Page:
The 40-page report is from the University of Texas Law School's Human Rights Clinic, which recommends installing air conditioning units in the 109 state-run prisons. The paper reports that there are currently six pending lawsuits against the Texas Department of Criminal Justice (TDCJ) over eight heat-related deaths in Texas prisons which occurred in the past three years.
According to the Chronicle, 19 Texas convicts have died since 1998 from heat-related illnesses during summer months. In all cases, the heat index reported in the cell topped 115 degrees, and in one lawsuit, 149 degrees.
"Continuing to disregard the plight of TDCJ inmates subject to extreme heat is not an option," the document states. "[Texas prisons] would be in violation of international human rights standards and the requirements of the Eighth Amendment if it were to do so." The U.S. Constitution's Eighth Amendment prohibits cruel and unusual punishment.
TDCJ Executive Director Brad Livingston told the Chronicle that he could not comment specifically on the report due to pending litigation. However, he did say that the TDCJ is following appropriate protocols when it comes to taking care of inmates in hot temperatures.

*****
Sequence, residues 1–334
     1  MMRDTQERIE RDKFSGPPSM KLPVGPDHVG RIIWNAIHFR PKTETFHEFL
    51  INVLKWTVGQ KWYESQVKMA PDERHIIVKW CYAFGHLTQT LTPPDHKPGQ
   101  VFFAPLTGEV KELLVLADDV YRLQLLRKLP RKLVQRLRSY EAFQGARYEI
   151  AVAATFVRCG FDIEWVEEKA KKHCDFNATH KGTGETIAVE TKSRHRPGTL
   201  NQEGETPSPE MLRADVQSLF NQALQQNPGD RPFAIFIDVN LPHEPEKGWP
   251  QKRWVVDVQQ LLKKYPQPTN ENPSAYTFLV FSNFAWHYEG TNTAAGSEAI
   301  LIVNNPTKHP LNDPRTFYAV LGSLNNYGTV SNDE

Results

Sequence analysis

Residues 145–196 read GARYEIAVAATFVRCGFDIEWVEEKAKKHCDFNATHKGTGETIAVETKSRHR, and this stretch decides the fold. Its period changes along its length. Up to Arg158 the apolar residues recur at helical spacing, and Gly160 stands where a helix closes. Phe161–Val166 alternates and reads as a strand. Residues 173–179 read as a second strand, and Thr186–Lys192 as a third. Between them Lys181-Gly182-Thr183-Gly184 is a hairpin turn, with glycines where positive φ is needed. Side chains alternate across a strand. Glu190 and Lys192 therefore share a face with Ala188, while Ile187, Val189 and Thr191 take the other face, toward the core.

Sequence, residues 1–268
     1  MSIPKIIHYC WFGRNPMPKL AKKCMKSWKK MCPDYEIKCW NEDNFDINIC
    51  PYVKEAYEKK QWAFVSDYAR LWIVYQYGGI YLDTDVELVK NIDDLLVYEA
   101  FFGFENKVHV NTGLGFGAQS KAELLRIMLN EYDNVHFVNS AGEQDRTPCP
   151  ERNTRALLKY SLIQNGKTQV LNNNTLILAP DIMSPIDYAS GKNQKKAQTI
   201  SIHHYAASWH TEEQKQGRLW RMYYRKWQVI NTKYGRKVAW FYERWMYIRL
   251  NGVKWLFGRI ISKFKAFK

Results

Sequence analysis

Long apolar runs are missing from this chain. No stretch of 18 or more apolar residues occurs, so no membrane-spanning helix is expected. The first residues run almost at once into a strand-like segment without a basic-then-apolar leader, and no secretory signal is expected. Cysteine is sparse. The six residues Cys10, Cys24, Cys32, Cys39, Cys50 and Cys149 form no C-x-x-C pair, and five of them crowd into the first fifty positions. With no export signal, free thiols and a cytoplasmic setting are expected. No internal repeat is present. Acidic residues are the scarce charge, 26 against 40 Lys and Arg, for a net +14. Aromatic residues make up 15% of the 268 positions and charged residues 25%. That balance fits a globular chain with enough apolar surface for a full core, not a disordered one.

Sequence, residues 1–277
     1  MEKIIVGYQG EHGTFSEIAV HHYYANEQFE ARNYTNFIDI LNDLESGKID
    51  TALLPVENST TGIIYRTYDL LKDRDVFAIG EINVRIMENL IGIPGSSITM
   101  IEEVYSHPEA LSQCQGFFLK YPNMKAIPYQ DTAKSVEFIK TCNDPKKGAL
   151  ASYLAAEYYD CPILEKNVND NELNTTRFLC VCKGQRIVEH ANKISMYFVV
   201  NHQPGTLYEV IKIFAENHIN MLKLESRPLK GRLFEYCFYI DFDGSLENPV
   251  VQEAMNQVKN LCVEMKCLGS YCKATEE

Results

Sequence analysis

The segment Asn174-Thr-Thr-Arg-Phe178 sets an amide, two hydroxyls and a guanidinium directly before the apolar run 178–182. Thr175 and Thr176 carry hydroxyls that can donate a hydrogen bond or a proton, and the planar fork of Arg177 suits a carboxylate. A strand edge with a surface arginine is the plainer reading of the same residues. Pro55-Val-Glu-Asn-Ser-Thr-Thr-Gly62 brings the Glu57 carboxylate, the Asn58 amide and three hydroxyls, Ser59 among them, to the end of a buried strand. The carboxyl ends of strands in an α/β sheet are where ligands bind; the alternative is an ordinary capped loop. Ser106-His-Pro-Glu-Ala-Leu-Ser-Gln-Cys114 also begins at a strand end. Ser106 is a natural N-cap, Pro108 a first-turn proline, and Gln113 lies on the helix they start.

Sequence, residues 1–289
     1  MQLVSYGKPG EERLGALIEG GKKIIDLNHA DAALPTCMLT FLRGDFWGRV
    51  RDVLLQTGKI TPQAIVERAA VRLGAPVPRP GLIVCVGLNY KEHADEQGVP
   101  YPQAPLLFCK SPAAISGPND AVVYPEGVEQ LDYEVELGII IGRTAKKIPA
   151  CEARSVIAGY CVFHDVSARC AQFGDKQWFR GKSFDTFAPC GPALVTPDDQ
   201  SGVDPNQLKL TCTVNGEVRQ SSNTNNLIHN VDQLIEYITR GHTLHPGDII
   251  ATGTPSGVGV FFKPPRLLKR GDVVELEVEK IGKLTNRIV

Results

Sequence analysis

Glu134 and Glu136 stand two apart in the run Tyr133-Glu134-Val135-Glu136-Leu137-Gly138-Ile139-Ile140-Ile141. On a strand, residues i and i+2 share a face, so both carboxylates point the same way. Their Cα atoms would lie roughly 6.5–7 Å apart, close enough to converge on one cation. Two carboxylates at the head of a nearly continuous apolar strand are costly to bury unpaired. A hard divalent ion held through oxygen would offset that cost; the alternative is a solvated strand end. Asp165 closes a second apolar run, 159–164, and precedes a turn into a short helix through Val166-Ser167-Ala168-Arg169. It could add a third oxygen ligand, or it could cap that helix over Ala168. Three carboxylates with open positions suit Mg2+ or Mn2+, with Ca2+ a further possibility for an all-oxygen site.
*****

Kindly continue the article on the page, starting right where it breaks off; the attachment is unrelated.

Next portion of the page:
"We have significant protocols in place governing the movement of offenders early in the day for work assignments, we supply ice water and have fans and other equipment to increase air movement," Livingston told the paper.
The University of Texas, citing the federal Centers for Disease Control, found fans and ventilation "to be ineffective in preventing heat-related injuries in very hot and humid conditions, such as those present in TDCJ facilities."
Lancy Lowry, president of a Huntsville union representing correctional officers, told the Chronicle that he had seen the report and agreed with the findings. "It's time for the Legislature to make the capital investment required to improve the conditions in these prisons," he said.
According to the paper, over half of Texas' prisons are built with outer walls at least partially constructed from metal, and those facilities are consistently among the hottest in the state.
Scott Medlock, an Austin attorney who represents convicts' families in several heat-related death suits, told the Chronicle, "The current temperatures are inhumane. They should see the handwriting on the wall and cool the prisons."